I'd always thought that latency with a decent sound card was less of an issue, but maybe that's just not the case...I don't mind if a mic stops working- I can always just plug it in direct if the computer dies for some reason (though it never has...pretty stable win xp asus)

What are the high-end hardware models that handle this kind of thing?
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Re: Live vocal processor comparisons

Postby Sam Spoons » Mon May 20, 2013 5:39 pm

*gregster* wrote:
Sam Spoons wrote:I'd agree with OneEng, latency will be the killer, anything over a few ms is going to be disconcerting or worse. A dedicated box is always going to do the job better and with more reliability. Also I would never use a PC live for anything I couldn't do without.

I'd always thought that latency with a decent sound card was less of an issue, but maybe that's just not the case...I don't mind if a mic stops working- I can always just plug it in direct if the computer dies for some reason (though it never has...pretty stable win xp asus)

What are the high-end hardware models that handle this kind of thing?

Latency with a decent soundcard will be better but it's all aimed at studio use, usually with direct monitoring to avoid latency in the cans. To be comfortable I'd think you'd need a latency of around 10ms or less (and, from what I've heard, low single figures if you use IEMs) i've check what my MacBook Pro is doing and Reaper says 10ms so probably ok for monitors but maybe not quick enough for IEMs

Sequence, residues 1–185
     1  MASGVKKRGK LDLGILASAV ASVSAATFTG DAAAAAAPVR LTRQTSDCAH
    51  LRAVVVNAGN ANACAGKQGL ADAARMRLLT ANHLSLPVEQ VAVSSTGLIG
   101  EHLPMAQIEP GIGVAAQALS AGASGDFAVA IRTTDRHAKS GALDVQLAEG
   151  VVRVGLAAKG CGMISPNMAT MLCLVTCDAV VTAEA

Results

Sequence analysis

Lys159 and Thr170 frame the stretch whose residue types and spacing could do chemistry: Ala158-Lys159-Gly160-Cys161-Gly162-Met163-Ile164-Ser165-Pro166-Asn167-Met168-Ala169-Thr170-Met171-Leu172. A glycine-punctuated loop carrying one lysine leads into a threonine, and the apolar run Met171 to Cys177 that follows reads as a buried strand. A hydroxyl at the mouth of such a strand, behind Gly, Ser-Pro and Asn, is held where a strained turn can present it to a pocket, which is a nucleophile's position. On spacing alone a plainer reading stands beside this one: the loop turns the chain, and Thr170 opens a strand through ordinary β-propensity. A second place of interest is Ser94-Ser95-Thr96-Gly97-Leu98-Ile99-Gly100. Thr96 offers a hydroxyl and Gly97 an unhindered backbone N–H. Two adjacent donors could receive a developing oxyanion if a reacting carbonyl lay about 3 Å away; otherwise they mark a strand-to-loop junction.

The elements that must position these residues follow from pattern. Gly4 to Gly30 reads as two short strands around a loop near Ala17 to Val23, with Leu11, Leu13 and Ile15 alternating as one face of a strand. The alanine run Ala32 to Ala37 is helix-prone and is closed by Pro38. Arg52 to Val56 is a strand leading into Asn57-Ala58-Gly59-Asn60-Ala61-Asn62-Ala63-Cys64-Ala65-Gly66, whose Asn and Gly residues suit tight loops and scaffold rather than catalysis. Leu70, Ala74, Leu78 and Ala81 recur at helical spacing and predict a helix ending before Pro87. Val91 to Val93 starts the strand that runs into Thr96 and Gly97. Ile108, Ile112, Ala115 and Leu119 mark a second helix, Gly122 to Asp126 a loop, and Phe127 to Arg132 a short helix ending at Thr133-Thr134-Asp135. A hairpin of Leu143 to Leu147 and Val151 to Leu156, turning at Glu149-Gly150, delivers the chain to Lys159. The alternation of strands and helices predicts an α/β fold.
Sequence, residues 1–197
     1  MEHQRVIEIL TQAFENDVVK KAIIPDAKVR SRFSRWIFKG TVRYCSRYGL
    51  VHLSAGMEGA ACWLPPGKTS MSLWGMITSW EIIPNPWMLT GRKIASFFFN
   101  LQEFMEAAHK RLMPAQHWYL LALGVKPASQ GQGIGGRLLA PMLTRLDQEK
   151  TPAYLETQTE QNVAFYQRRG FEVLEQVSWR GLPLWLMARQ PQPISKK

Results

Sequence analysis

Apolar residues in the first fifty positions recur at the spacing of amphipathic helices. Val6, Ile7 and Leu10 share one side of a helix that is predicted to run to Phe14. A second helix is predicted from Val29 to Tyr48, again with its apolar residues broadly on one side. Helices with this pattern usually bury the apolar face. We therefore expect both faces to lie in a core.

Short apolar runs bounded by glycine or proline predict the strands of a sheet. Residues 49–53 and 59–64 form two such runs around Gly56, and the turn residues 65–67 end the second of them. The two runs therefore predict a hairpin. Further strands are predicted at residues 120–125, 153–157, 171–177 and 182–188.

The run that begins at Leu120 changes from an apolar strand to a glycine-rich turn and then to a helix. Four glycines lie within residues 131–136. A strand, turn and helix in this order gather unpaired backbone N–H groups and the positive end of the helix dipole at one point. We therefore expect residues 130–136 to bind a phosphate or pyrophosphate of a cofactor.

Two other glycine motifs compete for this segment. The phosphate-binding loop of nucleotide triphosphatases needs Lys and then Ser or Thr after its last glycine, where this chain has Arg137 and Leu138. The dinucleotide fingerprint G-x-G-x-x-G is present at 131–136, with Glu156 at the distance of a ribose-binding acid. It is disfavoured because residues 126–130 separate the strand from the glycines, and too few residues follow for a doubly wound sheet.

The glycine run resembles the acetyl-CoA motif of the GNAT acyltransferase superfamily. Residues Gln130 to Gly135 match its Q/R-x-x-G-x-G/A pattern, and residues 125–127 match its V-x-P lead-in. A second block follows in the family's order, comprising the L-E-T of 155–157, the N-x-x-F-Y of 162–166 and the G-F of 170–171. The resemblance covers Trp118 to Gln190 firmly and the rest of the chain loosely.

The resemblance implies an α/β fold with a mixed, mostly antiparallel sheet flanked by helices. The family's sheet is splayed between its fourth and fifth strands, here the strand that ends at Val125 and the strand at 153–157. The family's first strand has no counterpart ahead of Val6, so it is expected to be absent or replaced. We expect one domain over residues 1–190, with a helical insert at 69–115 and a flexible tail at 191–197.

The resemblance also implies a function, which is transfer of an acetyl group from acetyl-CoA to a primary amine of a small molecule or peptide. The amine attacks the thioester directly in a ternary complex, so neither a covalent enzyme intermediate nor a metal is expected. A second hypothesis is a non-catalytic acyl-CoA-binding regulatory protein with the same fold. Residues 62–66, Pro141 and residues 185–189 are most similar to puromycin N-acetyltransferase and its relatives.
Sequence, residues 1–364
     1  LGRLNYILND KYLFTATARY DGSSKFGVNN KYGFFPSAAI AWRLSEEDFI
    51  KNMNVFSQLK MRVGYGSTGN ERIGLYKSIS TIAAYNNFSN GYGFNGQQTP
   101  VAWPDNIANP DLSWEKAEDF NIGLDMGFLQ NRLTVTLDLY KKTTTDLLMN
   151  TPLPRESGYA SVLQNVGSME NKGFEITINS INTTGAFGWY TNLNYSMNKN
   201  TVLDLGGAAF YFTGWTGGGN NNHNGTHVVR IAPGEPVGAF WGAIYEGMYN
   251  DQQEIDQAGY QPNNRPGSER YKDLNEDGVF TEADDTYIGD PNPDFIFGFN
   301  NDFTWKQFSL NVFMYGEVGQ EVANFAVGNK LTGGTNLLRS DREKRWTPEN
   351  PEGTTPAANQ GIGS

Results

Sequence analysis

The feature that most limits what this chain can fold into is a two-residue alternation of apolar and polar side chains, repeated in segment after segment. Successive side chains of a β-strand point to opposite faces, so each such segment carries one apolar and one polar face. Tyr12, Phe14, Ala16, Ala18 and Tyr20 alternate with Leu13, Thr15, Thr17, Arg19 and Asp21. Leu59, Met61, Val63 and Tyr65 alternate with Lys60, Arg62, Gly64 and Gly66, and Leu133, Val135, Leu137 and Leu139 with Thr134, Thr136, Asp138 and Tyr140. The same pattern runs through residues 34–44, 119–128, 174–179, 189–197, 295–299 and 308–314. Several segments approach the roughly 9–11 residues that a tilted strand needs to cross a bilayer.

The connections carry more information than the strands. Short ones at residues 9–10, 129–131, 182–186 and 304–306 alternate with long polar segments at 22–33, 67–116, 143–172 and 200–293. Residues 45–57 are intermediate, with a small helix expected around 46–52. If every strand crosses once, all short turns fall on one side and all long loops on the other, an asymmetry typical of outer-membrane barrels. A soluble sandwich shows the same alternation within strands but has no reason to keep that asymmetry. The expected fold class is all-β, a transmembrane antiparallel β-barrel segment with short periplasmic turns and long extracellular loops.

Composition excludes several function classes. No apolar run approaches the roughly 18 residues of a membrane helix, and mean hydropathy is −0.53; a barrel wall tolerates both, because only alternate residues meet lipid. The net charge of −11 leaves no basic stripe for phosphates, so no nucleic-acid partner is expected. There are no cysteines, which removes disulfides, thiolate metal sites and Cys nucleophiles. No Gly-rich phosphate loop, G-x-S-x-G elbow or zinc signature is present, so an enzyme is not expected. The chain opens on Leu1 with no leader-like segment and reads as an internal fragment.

As mentioned above, look at the TC-Helicon range, even the cheapest have top quality fx, very smooth reverbs and other processing. Will do what you want from around £200.
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Re: Live vocal processor comparisons

Postby Bazza » Mon May 20, 2013 7:32 pm

TC Helicon Voice Live 2 is very cheap at the moment and a great unit for what you want.
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Re: Live vocal processor comparisons

Postby OneEng » Tue May 21, 2013 12:14 am

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Re: Live vocal processor comparisons

Postby Johnduffin » Tue May 21, 2013 2:39 am

Have a look at the TC Helicon Voice Live and the Voice Live 2. I have the Voice Live and it sounds like its more than enough for what you would want. It does looping but you can ignore it. The Voice Live 2 is a slight update with a better interface but doesn't seem to do much more apart from more flexible looping and nothing extra that you would want. (Check the comparison on the TC website).

The Voice Live interface takes a bit of getting used to if you want to edit etc... but its easy to set up presets and trigger them while playing. There's lots of flexibility in it with a guitar input and effects and MIDI inputs to control harmonies. It will even take condenser mics and supply phantom power (not that you would ever find that out by looking at it!). Download the manual to see. Its something that may grow on you as you get used it and start to use the deeper functionality.

Best of Luck!

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Re: Live vocal processor comparisons